Document Type

Dissertation - Open Access

Award Date


Degree Name

Doctor of Philosophy (PhD)

Department / School

Pharmaceutical Sciences

First Advisor

Hemachand Tummala


Adjuvant, Influenza, Oral vaccine, Pigs, TLR4, Vaccine


Vaccines are the most efficient and cost-effective method for preventing illnesses caused by infectious pathogens. Even though the great success of vaccines over decades, the development of safe and robust vaccines is still essential for emerging new pathogens, re-evolving old pathogens, and improving the insufficient protection given by existing vaccines. One of the most critical strategies for developing effective new vaccines is selecting and using a suitable adjuvant or immune stimulant. Immunologic adjuvants are essential for improving vaccine potency by enhancing the immune response of vaccine antigens. The amount of antigen could be spared with improved potency, especially during mass vaccinations in pandemics. In the past, our laboratory had discovered a plant-based novel toll-like-receptor-4 agonist (adjuvant), inulin acetate (InAc), and showed that a particulate delivery system using InAc is a potent vaccine delivery system that produces strong humoral and cell-mediated immunity, which was tested in mouse models. The study in this dissertation investigated the application of nanoparticles prepared with inulin acetate nanoparticles (InAc-NPs) for dual functionality: as a delivery system and vaccine adjuvant for enhancing mucosal and systemic immunity in mice and pigs. The rationale behind selecting InAc-NPs is their established ability to stimulate strong systemic immunity and a clear understanding of their activation mechanisms. In chapter II, we have established through subcutaneous vaccinations in swine for the first time that inulin acetate nanoparticles (InAc-NPs) could generate high levels of systemic antibodies (IgG) by using influenza antigens the extracellular domain of matrix protein 2 (M2e), and the influenza virus's surface membrane protein, Hemagglutinin (HA) protein. InAC-NPs, as a vaccine delivery system, protected the antigen from degradation during the storage and efficiently delivered it to swine macrophages (in-vitro). The antibodies induced by InAc-NPs have a strong affinity and avidity to bind to HA. These antibodies potentially prevent the virus from entering the host cell. The study introduced inulin acetate (InAc) as a vaccine adjuvant in swine for subcutaneous vaccine delivery. Chapter III, for the first time, established the efficacy of InAc-NPs as a vaccine delivery system in a mouse for oral vaccines using influenza peptide (Inf-A) as a model antigen. Importantly, InAc-NPs carrying the Inf-A produced higher mucosal and systemic antibodies than unadjuvanted antigens in mice. InAc-NPs activated mouse macrophages to secrete pro-inflammatory cytokines such as Interleukin-6 (IL-6) and macrophage activation marker nitric oxide (NO). In conclusion, we have demonstrated the capability of InAc-NPs as a robust vaccine delivery and adjuvant platform for parenteral and oral vaccines that offer strong systemic and mucosal immunity, which will have substantial implications in fighting several viral diseases in humans and animals (pigs) in future.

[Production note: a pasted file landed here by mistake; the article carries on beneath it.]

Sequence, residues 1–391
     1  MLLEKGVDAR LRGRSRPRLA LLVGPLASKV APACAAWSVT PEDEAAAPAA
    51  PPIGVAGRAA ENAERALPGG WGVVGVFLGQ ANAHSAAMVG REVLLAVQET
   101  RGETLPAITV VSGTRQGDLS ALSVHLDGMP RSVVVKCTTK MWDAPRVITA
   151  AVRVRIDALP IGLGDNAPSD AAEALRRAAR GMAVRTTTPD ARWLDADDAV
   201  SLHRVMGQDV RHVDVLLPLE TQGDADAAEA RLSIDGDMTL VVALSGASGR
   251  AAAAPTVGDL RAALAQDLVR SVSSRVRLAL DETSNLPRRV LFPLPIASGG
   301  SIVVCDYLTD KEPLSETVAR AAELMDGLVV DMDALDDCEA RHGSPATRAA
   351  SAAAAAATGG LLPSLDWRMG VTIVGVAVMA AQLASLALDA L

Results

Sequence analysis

Library of Congress Subject Headings

Influenza vaccines.
Drug delivery systems.

Number of Pages



South Dakota State University



Rights Statement

In Copyright